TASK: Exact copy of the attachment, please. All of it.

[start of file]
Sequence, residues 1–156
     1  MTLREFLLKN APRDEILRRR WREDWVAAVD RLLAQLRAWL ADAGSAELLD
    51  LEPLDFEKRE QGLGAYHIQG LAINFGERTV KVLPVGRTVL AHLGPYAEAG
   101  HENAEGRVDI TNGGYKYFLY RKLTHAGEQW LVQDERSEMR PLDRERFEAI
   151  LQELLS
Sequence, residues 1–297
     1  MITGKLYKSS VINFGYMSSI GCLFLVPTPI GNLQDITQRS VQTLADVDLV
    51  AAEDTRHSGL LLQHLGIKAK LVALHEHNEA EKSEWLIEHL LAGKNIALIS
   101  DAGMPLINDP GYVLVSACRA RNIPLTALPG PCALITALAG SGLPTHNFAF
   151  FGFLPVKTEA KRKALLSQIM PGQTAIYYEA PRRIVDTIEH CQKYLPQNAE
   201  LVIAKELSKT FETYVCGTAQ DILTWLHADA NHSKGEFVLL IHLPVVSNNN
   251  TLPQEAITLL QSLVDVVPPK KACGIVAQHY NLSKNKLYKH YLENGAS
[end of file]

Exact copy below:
Sequence, residues 1–156
     1  MTLREFLLKN APRDEILRRR WREDWVAAVD RLLAQLRAWL ADAGSAELLD
    51  LEPLDFEKRE QGLGAYHIQG LAINFGERTV KVLPVGRTVL AHLGPYAEAG
   101  HENAEGRVDI TNGGYKYFLY RKLTHAGEQW LVQDERSEMR PLDRERFEAI
   151  LQELLS
Sequence, residues 1–297
     1  MITGKLYKSS VINFGYMSSI GCLFLVPTPI GNLQDITQRS VQTLADVDLV
    51  AAEDTRHSGL LLQHLGIKAK LVALHEHNEA EKSEWLIEHL LAGKNIALIS
   101  DAGMPLINDP GYVLVSACRA RNIPLTALPG PCALITALAG SGLPTHNFAF
   151  FGFLPVKTEA KRKALLSQIM PGQTAIYYEA PRRIVDTIEH CQKYLPQNAE
   201  LVIAKELSKT FETYVCGTAQ DILTWLHADA NHSKGEFVLL IHLPVVSNNN
   251  TLPQEAITLL QSLVDVVPPK KACGIVAQHY NLSKNKLYKH YLENGAS